Returning multiple values from functions in C++

Since C++ has no built-in syntax for returning multiple values from functions and methods, programmers have been using a number of techniques to simulate this when needed, and the number has grown since the introduction of C++11. In this post I want to provide an overview of some of the options we have today for returning multiple values from functions, and possible future directions in the language.

Multiple return values from functions are not a new concept in programming – some old and venerable languages like Common Lisp have had them since the early 1980s.

There are many scenarios where multiple return values are useful:

First and foremost, for functions that naturally have more than one value to compute. For example, the Common Lisp floor function computes the quotient and the remainder of its two operands, and returns both. Another example is std::minmax in C++11, that finds the minimal and the maximal value in a container simultaneously.

Second, multiple return values are helpful when the data structure the function operates on contains multiple values per entry. For example, Python 3’s dict.items is an iterator over key / value pairs, and each iteration returns both, which is frequently useful. Similarly, in C++ the mapping family of containers provides iterators that hold key / value pairs, and methods like std::map::find logically return a pair, even though it’s encapsulated in an iterator object. Another related, but slightly different example is Python’s enumerate, which takes any sequence or iterator and returns index / value pairs – very useful for writing some kinds of for loops.

Third, the multiple return values may signal different “paths” – like error conditions or “not found” flags, in addition to actual values. In Go, map lookup returns a value / found pair, where “found” is a boolean flag saying whether the key was found in the map. In general, in Go it’s idiomatic to return a value / error pair from functions. This method is useful in C++ as well, and I’ll cover an example in the next section.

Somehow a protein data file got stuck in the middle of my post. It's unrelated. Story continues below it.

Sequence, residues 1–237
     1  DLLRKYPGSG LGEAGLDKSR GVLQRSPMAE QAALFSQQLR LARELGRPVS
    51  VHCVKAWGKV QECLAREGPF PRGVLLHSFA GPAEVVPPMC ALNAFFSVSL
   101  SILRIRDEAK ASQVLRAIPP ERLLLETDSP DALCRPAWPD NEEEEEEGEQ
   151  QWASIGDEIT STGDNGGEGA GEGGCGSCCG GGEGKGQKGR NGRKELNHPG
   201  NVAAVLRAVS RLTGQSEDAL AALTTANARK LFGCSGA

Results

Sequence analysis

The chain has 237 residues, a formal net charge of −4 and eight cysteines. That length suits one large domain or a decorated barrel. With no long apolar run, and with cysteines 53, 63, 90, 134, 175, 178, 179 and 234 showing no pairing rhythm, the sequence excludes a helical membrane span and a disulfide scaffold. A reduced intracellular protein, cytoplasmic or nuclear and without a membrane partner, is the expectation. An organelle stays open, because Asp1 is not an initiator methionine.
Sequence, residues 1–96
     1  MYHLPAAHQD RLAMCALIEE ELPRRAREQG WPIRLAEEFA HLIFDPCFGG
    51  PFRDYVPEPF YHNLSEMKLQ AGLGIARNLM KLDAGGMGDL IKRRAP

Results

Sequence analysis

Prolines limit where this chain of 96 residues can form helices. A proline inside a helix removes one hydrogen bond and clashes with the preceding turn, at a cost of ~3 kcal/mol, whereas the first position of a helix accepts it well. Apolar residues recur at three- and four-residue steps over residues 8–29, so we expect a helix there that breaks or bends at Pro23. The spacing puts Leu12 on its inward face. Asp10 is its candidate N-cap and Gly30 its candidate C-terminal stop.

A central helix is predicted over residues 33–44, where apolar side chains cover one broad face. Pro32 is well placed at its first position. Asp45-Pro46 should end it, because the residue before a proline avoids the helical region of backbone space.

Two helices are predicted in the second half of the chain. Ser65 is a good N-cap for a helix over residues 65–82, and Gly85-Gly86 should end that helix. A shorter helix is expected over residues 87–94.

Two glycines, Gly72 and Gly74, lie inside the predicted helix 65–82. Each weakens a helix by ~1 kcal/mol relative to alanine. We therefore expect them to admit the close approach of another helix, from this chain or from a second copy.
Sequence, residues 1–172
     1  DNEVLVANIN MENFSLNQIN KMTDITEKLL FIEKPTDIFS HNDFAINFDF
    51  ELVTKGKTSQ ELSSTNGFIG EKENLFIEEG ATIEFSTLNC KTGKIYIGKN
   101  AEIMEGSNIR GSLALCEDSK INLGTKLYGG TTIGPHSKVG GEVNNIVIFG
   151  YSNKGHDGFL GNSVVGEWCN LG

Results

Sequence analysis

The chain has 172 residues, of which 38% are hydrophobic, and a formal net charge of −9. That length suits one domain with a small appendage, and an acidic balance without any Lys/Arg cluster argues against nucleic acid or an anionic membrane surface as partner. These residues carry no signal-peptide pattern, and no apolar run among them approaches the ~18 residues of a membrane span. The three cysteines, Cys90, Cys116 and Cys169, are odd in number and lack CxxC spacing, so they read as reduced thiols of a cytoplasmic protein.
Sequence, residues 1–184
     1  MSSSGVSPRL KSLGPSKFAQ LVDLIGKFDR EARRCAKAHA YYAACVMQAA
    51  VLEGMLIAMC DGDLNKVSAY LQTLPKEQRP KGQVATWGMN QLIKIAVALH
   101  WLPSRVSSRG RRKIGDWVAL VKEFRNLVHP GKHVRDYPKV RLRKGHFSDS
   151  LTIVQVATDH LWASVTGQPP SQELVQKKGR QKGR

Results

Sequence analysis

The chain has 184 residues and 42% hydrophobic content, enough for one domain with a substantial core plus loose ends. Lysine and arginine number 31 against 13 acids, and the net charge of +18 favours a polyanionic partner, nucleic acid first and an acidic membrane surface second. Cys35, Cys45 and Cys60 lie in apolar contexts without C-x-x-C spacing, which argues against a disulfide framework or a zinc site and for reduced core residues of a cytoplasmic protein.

Multiple return values are so convenient that programmers usually find ways to simulate them even in languages that don’t support them directly. As for new programming languages, most of them come with this feature natively supported. Go, Swift, Clojure, Rust and Scala all support multiple return values.

Back to C++, let’s start our quest with the oldest and possibly still most common method – using some of the function’s parameters as “out” parameters. This method is made possible by C++ (based on C before it) making a strict distinction between parameters passed by value and by reference (or pointer) into functions. Parameters passed by pointers can be used to “return” values to the caller.

This technique has old roots in C, where it’s used in many places in the standard library; for example fgets and fscanf. Many POSIX functions adopt the conventions of returning an integer “error code” (0 for success), while writing any output they have into an output parameter. Examples abound – gettimeofday, pthread_create… there are hundreds (or thousands). This has become such a common convention that some code-bases adopt a special marker for output parameters, either with a comment or a dummy macro. This is to distinguish by-pointer input parameters from output parameters in the function signature, thus signaling to the user which is which:

#define OUTint myfunc(int input1, int* input2, OUT int* out) { …}

C++ employs this technique in the standard library as well. A good example is the std::getline function. Here’s how we read everything from stdin and echo every line back with a prefix:

#include #include int main(int argc, const char** argv) { std::string line; while (std::getline(std::cin, line)) { std::cout << "echo: " << line << "\n"; } return 0;}

std::getline writes the line it has read into its second parameter. It returns the stream (the first parameter), since a C++ stream has interesting behavior in boolean context. It’s true so long as everything is OK, but flips to false once an error occurs, or an end-of-file condition is reached. The latter is what the sample above uses to concisely invoke std::getline in the condition of a while loop.

C++’s introduction of reference types adds a choice over the C approach. Do we use pointers or references for output parameters? On one hand references result in simpler syntax (if the line would have to be passed by pointer in the code above, we’d have to use &line in the call) and also cannot be nullptr, which is important for output parameters. On the other hand, with references it is very hard to look at a call and discern which parameters are input and which are output. Also, the nullptr argument works both ways – occasionally it is useful to convey to the callee that some output is not needed and a nullptr in an output parameter is a common way to do this.

As a result, some coding guidelines recommend only using pointers for output parameters, while using const references for input parameters. But as with all issues of style, YMMV.